Lisa Albert’s wedding was just a few weeks away when the Massachusetts Department of Public Health issued the stay-at-home advisory. After postponing the planned event at Ventfort Hall in Lenox, Mass., until next year, Albert, a faculty assistant in sociology, and her partner, Matthew Tuttle, decided to go ahead and just get married for now.
On their wedding day, the couple gathered for their ceremony and reception in the living room of their Somerville home with an officiant and two photographers, along with more than 100 guests who watched over Zoom. They projected the laptop screen onto a wall so they could better see the guests.
“Doing the Zoom wedding alleviated a lot of the pressure” of the ritual, said Albert. “I don’t really like being the center of attention, so even the idea of getting up in front of everybody and talking, with all these people looking at me in person, was anxiety-provoking. But they [were] all tiles on Zoom, [so] it was kind of easier to forget that they were there during that time.”
Following the ceremony, the couple hosted a reception and sent their guests into randomized Zoom breakout rooms to imitate a sit-down dinner at assigned tables. Then they visited each room to thank everyone for coming and catch up with their guests, some of whom had logged on from as far away as the U.K. Albert and Tuttle ordered in barbecue to imitate their planned menu and drank home-brewed beer (with hand-drawn labels by Tuttle) called “Here Comes the Rye” that they had planned to give out as favors.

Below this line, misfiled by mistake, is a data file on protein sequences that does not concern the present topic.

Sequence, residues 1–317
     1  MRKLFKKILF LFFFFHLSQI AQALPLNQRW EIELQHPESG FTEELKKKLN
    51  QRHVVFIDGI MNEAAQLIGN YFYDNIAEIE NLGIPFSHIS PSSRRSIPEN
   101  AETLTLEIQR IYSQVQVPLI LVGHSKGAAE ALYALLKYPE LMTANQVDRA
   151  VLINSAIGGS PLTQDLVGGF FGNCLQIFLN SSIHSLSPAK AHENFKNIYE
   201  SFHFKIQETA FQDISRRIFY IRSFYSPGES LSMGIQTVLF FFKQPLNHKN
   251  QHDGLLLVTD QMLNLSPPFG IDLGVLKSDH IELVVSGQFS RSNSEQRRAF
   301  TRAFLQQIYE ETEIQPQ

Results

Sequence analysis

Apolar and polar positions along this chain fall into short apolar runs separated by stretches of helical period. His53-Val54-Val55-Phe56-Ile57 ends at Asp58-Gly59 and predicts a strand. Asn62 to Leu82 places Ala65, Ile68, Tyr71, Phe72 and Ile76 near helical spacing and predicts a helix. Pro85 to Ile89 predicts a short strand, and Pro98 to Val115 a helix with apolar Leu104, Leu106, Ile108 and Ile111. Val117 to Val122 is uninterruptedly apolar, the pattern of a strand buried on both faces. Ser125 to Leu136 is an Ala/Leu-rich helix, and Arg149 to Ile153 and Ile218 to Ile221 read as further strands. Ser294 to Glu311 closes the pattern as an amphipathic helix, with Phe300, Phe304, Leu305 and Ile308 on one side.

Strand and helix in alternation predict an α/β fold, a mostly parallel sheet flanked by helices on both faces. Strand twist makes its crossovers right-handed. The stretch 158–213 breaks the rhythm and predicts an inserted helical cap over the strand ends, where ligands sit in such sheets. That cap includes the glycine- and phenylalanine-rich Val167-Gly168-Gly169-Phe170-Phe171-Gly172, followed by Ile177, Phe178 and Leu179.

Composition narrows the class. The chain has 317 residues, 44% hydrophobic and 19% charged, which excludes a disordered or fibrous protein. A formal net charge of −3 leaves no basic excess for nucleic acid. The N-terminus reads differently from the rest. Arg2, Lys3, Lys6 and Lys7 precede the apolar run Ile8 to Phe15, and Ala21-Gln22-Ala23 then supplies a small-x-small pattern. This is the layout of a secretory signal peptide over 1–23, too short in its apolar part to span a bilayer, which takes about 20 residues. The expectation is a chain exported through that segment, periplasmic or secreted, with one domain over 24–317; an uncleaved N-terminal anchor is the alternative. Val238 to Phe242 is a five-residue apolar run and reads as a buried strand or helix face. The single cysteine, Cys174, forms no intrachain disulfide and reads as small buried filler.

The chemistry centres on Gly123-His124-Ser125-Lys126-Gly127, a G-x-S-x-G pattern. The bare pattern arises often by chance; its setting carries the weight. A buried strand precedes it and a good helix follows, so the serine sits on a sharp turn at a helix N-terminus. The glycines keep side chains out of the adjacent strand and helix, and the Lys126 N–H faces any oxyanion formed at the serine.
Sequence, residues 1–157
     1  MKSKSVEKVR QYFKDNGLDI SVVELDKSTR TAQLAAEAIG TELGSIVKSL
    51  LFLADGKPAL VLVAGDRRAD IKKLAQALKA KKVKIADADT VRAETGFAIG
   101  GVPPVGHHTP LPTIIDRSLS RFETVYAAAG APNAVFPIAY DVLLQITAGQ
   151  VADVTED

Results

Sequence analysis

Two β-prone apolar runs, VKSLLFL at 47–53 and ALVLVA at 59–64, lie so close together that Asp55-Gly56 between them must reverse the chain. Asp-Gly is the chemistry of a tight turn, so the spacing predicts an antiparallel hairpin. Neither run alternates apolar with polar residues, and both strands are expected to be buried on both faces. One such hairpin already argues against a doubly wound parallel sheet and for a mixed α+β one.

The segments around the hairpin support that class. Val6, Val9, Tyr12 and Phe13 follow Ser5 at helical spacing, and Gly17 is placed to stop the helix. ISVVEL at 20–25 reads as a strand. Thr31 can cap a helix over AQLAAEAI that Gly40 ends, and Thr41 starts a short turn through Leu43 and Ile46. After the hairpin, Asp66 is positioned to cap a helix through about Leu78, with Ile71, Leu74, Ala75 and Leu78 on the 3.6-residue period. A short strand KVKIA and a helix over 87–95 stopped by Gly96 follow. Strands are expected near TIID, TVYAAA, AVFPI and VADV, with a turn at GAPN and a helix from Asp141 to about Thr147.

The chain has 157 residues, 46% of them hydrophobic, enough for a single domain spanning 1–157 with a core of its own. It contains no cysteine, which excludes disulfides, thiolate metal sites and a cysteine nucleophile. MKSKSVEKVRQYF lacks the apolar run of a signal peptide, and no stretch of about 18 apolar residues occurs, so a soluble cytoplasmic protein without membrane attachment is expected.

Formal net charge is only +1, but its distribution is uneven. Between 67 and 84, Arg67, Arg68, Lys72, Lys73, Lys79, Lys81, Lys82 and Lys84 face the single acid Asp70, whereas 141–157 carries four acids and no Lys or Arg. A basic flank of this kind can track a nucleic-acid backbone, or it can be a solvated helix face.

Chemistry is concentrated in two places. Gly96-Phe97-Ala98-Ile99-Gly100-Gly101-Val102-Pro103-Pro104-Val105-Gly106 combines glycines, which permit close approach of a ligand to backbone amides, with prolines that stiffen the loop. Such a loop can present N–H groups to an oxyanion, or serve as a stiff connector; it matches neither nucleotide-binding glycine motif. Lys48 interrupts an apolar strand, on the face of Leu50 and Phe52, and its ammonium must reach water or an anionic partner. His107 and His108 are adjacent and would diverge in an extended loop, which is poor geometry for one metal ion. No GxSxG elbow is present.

“It was pretty much exactly what it would have been like, just not in person,” said Albert. “There are clearly other people who are in the same situation as me, and I feel like a handful of people are just putting off the whole thing. But you can still have a wedding without having the party and it is still fulfilling. It’s nice to bring everyone together in this time when no one can be together.”
Sunsets and a silver lining
In her 10 months of marriage, Alicia Harley ’08, Ph.D. ’18, had barely spent more than 10 days in a row with her husband, Sahil Gulati, who works 50 percent to 75 percent of the time on the island of St. Croix for a company helping the U.S. Virgin Islands government in its efforts to rebuild the water and wastewater infrastructure after Hurricanes Maria and Irma.
When the pandemic forced Harley, a lecturer in environmental science and public policy and postdoctoral fellow in the Sustainability Science Program at the Harvard Kennedy School, to begin teaching virtually and leave campus, she felt fortunate to be able to spend more time on the island with Sahil.
“While there has been a lot of work, my husband and I are also making sure to enjoy the beautiful weather in the evenings,” she said. “We usually walk on a very empty beach with our dog, Sophie, around 6 p.m. for an hour or so. This certainly makes us both feel incredibly blessed to have the opportunity to do this, and watching the sunset is soothing for the soul after a day that usually includes a lot of tragic news.”